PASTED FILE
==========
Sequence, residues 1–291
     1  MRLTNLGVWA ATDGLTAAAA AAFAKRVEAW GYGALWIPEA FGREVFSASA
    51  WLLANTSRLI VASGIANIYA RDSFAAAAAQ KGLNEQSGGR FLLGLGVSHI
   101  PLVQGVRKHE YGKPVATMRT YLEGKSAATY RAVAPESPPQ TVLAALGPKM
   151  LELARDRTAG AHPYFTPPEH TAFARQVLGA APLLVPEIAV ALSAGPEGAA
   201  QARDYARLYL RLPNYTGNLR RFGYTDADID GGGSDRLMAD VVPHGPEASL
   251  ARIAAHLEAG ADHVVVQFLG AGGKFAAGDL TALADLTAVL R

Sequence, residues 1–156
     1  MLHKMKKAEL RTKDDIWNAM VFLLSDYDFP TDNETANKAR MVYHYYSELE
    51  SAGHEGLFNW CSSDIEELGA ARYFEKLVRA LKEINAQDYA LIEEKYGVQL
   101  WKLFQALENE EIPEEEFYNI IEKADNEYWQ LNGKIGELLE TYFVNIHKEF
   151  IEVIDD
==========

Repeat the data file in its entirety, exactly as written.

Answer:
Sequence, residues 1–291
     1  MRLTNLGVWA ATDGLTAAAA AAFAKRVEAW GYGALWIPEA FGREVFSASA
    51  WLLANTSRLI VASGIANIYA RDSFAAAAAQ KGLNEQSGGR FLLGLGVSHI
   101  PLVQGVRKHE YGKPVATMRT YLEGKSAATY RAVAPESPPQ TVLAALGPKM
   151  LELARDRTAG AHPYFTPPEH TAFARQVLGA APLLVPEIAV ALSAGPEGAA
   201  QARDYARLYL RLPNYTGNLR RFGYTDADID GGGSDRLMAD VVPHGPEASL
   251  ARIAAHLEAG ADHVVVQFLG AGGKFAAGDL TALADLTAVL R

Sequence, residues 1–156
     1  MLHKMKKAEL RTKDDIWNAM VFLLSDYDFP TDNETANKAR MVYHYYSELE
    51  SAGHEGLFNW CSSDIEELGA ARYFEKLVRA LKEINAQDYA LIEEKYGVQL
   101  WKLFQALENE EIPEEEFYNI IEKADNEYWQ LNGKIGELLE TYFVNIHKEF
   151  IEVIDD